5. "The same judiciary, however, will tread carefully with the inequalities or violence that occurs in Islam."

This is playing fast and loose with the truth, and there are countless examples to refute this, both positive and negative. As just one positive example, the Supreme Court of India in fact angered Muslim fundamentalists with its 1981 ruling on support for widows in the Shah Bano case, which the Rajiv Gandhi government cravenly overturned by passing the cruelly misnamed "The Muslim Women (Protection of Rights on Divorce) Act" in 1986. As a negative example, Delhi's Tis Hazari Court in 2015 acquitted all those accused of the murder of 42 Muslims at Hashimpura in 1987. It's hardly fair to accuse the Indian judiciary of being biased towards Muslims. Ask Muslims whether they perceive things the same way, and you will hear a story of victimhood that is the mirror-image of the author's.

6. "Caste and untouchability will be used to divide Hinduism, ignoring Hinduism’s own social reform movements"

That's a laugh. Genetic evidence (Moorjani et al) established that strict endogamy (caste restrictions on inter-marriage) began 1900 years ago. These are not Western assaults on Hinduism. They are endemic evils within the religion. Any Hindu reform movements are feeble and meet with stiff resistance (witness the reaction to the efforts of BJP MP Tarun Vijay). The most effective weapons against caste-consciousness seem to be urbanisation and a Western secular education. There are many more, but all stemming from modernisation inspired by the West. Hindu society has no homegrown remedies to the evils of the caste system, only apologism.

7. "Fortunately, the vastness of Hindu culture can ultimately prevail over the superficial cultural movements in the world today that lack an understanding of higher consciousness. Hindu Yoga, Vedanta and Ayurveda and its ally, Buddhism, are also spreading worldwide at a higher level of ideas, insights and aspirations."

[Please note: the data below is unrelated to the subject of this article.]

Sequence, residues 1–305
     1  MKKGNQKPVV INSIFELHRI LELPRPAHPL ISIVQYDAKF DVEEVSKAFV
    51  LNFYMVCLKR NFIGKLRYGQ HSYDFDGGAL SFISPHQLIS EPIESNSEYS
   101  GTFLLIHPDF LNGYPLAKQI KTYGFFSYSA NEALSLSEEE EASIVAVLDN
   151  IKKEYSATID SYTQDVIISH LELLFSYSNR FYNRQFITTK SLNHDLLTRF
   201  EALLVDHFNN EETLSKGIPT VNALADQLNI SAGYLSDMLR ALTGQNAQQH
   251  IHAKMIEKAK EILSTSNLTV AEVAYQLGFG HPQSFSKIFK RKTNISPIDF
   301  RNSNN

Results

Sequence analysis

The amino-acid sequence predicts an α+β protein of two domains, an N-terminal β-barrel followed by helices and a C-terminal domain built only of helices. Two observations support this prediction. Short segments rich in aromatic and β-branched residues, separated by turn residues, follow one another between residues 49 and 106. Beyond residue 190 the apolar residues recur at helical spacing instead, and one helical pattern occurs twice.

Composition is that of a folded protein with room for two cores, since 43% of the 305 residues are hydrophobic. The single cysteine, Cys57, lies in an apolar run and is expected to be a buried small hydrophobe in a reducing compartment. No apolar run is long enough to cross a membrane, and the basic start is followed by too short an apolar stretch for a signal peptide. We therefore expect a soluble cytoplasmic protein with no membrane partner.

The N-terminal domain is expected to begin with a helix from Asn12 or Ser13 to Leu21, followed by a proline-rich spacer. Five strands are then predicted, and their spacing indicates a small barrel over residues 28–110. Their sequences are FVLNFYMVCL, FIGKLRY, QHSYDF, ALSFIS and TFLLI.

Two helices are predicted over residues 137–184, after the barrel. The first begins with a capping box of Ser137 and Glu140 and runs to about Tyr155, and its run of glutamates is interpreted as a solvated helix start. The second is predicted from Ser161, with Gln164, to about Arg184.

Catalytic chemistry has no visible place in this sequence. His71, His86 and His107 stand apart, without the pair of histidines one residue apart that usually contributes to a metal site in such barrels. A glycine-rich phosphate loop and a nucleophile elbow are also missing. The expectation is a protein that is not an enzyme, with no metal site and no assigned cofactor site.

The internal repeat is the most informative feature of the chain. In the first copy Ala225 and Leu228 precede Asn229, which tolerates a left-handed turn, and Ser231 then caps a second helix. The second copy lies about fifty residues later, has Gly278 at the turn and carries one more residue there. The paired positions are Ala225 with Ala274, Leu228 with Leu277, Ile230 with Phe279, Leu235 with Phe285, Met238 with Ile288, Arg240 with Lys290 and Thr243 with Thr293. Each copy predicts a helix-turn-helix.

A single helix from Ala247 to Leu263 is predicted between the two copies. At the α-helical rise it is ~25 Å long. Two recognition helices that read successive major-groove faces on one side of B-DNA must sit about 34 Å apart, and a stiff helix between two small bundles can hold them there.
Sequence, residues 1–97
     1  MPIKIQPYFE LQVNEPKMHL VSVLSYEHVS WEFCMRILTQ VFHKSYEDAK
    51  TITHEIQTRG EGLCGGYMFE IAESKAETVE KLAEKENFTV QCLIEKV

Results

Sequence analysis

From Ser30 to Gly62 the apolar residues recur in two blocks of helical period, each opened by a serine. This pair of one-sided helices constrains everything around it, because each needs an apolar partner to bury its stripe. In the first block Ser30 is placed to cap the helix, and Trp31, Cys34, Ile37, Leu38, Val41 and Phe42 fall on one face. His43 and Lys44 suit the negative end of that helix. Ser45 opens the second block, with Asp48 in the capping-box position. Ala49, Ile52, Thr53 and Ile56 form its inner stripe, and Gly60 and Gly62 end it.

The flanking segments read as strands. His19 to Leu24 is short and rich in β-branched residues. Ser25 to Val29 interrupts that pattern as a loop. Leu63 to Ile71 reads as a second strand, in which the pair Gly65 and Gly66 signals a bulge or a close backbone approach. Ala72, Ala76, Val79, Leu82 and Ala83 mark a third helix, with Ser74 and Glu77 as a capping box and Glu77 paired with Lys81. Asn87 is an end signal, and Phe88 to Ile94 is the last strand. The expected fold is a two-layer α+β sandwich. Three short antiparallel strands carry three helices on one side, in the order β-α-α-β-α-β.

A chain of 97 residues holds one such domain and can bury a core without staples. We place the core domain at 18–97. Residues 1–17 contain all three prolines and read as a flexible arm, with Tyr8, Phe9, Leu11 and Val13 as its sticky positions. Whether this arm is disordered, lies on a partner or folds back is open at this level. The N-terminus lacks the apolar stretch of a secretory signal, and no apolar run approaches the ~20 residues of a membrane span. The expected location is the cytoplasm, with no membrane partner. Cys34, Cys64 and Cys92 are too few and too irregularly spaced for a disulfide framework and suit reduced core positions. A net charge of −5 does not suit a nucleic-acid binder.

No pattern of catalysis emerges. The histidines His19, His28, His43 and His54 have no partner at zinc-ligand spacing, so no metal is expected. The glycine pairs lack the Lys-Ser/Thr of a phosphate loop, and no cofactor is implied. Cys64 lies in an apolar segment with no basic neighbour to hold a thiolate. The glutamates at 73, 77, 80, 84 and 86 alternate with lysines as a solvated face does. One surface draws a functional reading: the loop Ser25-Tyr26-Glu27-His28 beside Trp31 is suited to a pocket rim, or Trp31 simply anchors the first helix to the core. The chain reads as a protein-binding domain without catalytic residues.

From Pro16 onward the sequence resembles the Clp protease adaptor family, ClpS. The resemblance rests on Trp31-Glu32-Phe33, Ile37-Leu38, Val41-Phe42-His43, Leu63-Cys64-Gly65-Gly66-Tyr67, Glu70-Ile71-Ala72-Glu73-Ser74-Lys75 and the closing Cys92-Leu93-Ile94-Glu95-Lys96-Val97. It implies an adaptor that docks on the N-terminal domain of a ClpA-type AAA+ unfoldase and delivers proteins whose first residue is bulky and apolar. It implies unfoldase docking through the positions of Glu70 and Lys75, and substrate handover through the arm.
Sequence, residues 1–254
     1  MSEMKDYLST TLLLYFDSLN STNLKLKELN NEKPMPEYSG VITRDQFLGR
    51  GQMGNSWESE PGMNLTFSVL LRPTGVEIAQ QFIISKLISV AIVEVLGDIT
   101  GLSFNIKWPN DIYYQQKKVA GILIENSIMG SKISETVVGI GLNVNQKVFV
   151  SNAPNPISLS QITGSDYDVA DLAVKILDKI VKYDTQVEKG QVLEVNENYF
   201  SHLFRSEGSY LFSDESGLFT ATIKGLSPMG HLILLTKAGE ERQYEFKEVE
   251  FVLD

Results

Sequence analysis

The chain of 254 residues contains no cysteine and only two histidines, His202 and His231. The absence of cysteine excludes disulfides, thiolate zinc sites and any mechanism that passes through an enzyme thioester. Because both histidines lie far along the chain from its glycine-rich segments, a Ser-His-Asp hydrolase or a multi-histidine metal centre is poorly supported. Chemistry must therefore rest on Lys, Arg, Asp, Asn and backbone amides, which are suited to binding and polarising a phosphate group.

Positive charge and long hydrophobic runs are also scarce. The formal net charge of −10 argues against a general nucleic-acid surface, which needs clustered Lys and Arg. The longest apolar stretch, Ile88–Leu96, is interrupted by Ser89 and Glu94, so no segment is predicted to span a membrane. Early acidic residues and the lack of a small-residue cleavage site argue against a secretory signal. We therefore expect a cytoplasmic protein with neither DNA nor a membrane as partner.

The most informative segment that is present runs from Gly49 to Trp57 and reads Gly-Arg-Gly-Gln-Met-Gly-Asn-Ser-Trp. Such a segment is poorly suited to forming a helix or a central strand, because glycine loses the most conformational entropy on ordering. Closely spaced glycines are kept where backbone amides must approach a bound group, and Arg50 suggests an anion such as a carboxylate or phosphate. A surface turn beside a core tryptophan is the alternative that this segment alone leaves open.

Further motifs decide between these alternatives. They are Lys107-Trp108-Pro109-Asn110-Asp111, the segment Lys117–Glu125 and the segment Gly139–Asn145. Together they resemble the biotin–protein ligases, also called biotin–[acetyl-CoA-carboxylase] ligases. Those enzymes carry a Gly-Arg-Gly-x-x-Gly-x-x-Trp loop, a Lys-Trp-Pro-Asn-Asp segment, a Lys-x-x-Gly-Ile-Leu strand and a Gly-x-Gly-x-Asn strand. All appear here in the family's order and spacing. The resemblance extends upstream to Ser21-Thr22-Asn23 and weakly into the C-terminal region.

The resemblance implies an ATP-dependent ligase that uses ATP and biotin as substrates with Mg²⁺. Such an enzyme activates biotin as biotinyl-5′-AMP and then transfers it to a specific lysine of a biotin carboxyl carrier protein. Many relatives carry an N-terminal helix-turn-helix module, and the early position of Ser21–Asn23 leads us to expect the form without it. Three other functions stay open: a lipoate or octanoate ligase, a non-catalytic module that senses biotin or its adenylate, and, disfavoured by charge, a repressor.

Now here's an example of how an inferiority complex may often come intertwined with a superiority complex. So far, the article dwelt on "Hinduism in danger". Now the tone shifts to one of mocking superiority. How could something as superficial as Western consumerist culture hope to prevail against the "vastness" of one that possesses a "higher consciousness"?

I'm confused now. Is there a danger to Hinduism or not?

Ah, and Buddhism is now an ally? How cute, considering that Hinduism and Buddhism were once mortal theological enemies, and often wreaked violence upon each other's followers, until the Muslims arrived and slaughtered both of them.

Well, that fizzled out quickly.

I eagerly devour writings about cultures and cultural clashes, because these interest me a lot personally, but I am invariably disappointed with both the content and the logical frailty of Hindu right wing conspiracy theories. I'm sure I could do a far more sophisticated job if I were so inclined. Perhaps I will one day, as an exercise in parody. I will not be surprised if such a takedown goes viral thanks to people who cannot see irony. Right wingers are the same the world over. Their passion dwarfs their intellect and reason by orders of magnitude.